Mapping the value of coral reefs

Today I will illustrate how to create an interactive map. Imagine you have a dataset where each observation is a country or area. It could be useful for communication to present a map summarizing the main findings in each paper you have reviewed. Instead of a table, it can be more interesting to your audience to see a map.

This application can be quite useful to create maps summarizing the studies considered in a meta analysis, for example. Not only do we illustrate the spatial spread of our studies, we can also give some more detailed information about each study in such a way that the audience can interact with the map.

In order to fiddle with maps, there are a few packages that need to be installed beforehand. These are: dplyr, tidyverse, leaflet, rgeos, rworldmap and leafpop.

install.packages("dplyr", "tidyverse", "leaflet", "rgeos", 
                 "rworldmap", "leafpop")

After installing the packages, remember to use the library function:

library(dplyr) 
library(tidyverse)
library(leaflet)
library(rgeos)
library(rworldmap)
library(leafpop)

We will use publicly available data from De Groot et al. (2012). The authors reviewed hundreds of studies that used different valuation methods to estimate the value of a variety of ecosystem services. In the Supplementary material provided by the authors, they share several tables that summarize all the studies and values obtained.

Let us map all the valuation studies that focused on the value of coral reefs as reviewed by De Groot et al. (2012) (see Table 2.2 in the Supplementary Material). Coral reefs are unique ecosystems that provide a variety of ecosystem services. I copy pasted the corresponding table into an excel file, which you can download here: Groot studies.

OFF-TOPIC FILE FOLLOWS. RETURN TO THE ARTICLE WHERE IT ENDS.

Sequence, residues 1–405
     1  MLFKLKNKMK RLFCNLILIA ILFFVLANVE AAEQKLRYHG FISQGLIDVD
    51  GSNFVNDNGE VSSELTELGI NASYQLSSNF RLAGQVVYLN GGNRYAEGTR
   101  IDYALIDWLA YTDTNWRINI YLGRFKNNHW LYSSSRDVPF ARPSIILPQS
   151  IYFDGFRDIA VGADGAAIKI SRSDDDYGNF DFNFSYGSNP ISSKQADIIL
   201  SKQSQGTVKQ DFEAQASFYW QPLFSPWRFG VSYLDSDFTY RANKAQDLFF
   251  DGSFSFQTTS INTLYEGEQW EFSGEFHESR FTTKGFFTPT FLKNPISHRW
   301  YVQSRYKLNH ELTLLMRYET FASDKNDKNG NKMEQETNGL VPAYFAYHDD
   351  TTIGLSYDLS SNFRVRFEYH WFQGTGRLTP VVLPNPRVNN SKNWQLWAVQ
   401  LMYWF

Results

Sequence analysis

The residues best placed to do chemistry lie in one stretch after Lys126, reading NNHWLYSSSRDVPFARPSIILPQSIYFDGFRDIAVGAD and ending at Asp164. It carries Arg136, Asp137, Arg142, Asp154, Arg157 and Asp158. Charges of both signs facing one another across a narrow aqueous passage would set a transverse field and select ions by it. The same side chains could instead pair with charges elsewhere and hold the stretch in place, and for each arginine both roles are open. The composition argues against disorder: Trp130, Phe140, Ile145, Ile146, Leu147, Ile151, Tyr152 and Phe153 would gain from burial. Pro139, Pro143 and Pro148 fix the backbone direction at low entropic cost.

I converted the excel file into a csv file and then imported it to R:

coral_reefs <- read.csv("Groot studies.csv", sep=";")

I can start looking into my data. First, I will convert the Value vector into a numeric vector and then use the summarize function to see the descriptive statistics.

> coral_reefs$Value <- as.numeric(coral_reefs$Value..2007...ha.yr.)
> summary(coral_reefs$Value)
   Min. 1st Qu.  Median    Mean 3rd Qu.    Max. 
   1.00   19.25   42.50   41.39   62.75   84.00

De Groot et al. (2012) find a total of 94 estimates of the value of coral reefs. As reported above, the mean value of coral reefs is 47.39 $ per hectare and per year, ranging from 1$ to 84$.

I also want to take a look at which valuation methods the reviewed papers have used.

> table(coral_reefs$Valuation.Method)

     AC      CV     DMP FI / PF      GV   Other     PES      RC      TC 
      6      12      62       3       1       1       1       4       4

These are the meanings of the acronyms for the valuation methods:

  • AC – Avoided Cost;
  • CV – Contingent Valuation;
  • DMP – Direct market pricing;
  • FI /PF – Factor Income / Production Function;
  • GV – Group Valuation;
  • PES – Payment for Ecosystem services;
  • RC – Replacement cost;
  • TC – Travel Cost.

The majority of the papers included in their review used the direct market pricing method, and a minority used the contingent valuation method.

The data as it is, however, does not yet include coordinates to match each observation to a point in the map. In order to get coordinates for each country, I will use the code described here. To implement this code, the packages rgeos and rworldmap are needed (we already installed them before). This is the part of the code that we need: